So you really have to differentiate, see how viable this is before HubSpot does something about it or, and or afterwards, uh, the end user experience. So we're gonna be talking about the, the limitations of HubSpot and also what's great about HubSpot when building an app within the, within that ecosystem. Um, will people be able to utilize this directly in the CRM on a CRM code? Is it something that's going to have to have your own admin and your own login to do some other specific interest? Because the mutations set currently set on the up on the platform. So, so it's about understanding not only how the end user experience looks, but where is it User stories are super important to understand where and how you actually build this app and to as we'll learn a little bit more later on as well. This app will not live in Hooks fund.
Speaker 2: (08:47)
Uh, so there's gonna be a lot of things you have to talk about to understand, well, how a user interacts a market demand. So is, will people pay for this? How much will they pay for? Um, one of the key things about building products is that your product needs should be a part of someone's worth. I'll say that one more time. Your product should be a part of someone's worth. That means it's get replace. That means it's going to, you're gonna have luxury. That means it's a part of the way that they do business and they don't wanna change that because it, it helps, it saves time, it saves money, it saves energy, it saves Tiffany Black, anything that's happening. What type of demand is that, uh, is available. So looking at if this is building an app for one of your clients, um, they probably lawyer you up about something that they can't do and really want to be able to do it.
Speaker 2: (09:31)
Or you can look in the community forums and you see that can, the hotspot community as a whole is begging through this, this, uh, this product, this, this feature. And this is something that you could clearly build and extend HubSpot. Um, long-term value. How long do you have? Uh, do you have a target on it? Does it have a target on its back? A lot of the ideas that we have early on in the AIST and a lab days where how long if we, if we come out with this, it takes two months to build or three months to build. How much, how long can we profit from this? Or how long will it take to recruit the money that we invest in so that we could use it for any other, uh, method? That's a really big deal, especially in this ecosystem when dealing with something commercial.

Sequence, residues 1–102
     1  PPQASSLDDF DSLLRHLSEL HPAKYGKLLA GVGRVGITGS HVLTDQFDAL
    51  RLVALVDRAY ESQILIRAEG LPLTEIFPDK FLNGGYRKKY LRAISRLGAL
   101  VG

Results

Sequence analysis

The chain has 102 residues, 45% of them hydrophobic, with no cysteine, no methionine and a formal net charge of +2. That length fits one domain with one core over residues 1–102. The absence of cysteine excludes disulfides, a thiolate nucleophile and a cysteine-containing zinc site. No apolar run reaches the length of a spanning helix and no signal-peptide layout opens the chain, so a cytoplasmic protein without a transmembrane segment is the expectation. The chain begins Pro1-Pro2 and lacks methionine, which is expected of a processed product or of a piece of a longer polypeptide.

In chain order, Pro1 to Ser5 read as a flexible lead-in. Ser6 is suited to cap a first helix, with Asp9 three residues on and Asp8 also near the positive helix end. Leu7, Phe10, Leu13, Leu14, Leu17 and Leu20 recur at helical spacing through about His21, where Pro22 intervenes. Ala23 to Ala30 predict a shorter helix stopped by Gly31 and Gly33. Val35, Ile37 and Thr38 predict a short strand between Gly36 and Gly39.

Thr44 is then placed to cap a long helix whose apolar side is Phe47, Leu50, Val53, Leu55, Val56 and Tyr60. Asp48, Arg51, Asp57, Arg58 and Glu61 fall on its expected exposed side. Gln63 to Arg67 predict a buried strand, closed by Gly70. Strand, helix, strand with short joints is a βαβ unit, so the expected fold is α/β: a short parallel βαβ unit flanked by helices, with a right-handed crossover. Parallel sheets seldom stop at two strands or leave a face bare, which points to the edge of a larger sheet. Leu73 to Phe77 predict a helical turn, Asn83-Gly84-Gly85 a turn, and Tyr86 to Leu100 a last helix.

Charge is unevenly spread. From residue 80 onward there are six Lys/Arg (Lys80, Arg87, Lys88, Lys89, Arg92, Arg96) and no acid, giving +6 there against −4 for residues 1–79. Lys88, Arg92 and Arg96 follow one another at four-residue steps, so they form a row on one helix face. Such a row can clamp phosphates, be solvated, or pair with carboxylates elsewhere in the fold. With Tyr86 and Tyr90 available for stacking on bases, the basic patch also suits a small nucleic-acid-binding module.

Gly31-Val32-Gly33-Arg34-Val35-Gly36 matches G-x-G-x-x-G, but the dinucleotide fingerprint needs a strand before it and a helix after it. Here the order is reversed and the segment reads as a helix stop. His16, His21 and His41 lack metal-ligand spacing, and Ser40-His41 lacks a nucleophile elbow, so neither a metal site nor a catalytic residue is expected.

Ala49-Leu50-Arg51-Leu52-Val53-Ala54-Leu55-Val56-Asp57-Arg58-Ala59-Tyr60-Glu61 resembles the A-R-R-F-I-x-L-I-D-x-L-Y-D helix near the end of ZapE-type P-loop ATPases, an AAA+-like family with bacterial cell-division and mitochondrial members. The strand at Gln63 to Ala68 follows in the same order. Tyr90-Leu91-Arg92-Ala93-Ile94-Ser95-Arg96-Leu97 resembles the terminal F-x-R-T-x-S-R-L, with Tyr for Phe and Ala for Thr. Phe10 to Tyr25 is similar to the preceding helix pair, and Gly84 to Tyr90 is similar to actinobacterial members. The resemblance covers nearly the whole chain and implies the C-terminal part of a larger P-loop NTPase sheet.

Speaker 2: (10:10)
When you're dealing with something for a client, it's about is it going to, is it going to be outdated? Do you need to build it marginally so that if they, they won't keep asking for more and more features and they end up building kind of a kind of garble tangled mess of spaghetti coat. Uh, so understanding what the long term value is, what's gonna happen here once they have this are more, they're gonna less, that's some big things to understand on the being realistic. And usually tyro's the one that helps me kind of be down the earth. Cause I'm just long here. It's usually a problem. We go to the next slide.
Speaker 1: (10:45)
All right, setting up a developer account. So here, here's the thing that you really need to know, uh, when you're setting up a developer account. Uh, and you will see screenshots of this stuff, uh, after the fact. You need a HubSpot account to do anything. And a HubSpot account is basically the same HubSpot account. Pretty much everyone has, in fact HubSpot themselves actually use HubSpot. So what do you know? But you definitely need this once you actually create your account. Again, granted just full transparency, it's not that you necessarily need to use it, you're not gonna be necessarily managing contacts and deals and tickets and things of that nature, but it, it's, you have no choice but to have a HubSpot account, okay? Once you have created a HubSpot account, once you are inside HubSpot, you can then create a HubSpot developer account. And your developer account is essentially your gateway to development. It is going to be where you actually get your API keys from. It's going to be where you actually register your app with HubSpot. Uh, it, it's going to be, uh, when you go to put your listing in the marketplace, this is where you're gonna start from as a developer. The HubSpot developer account is where you are going to spend a lot of your time.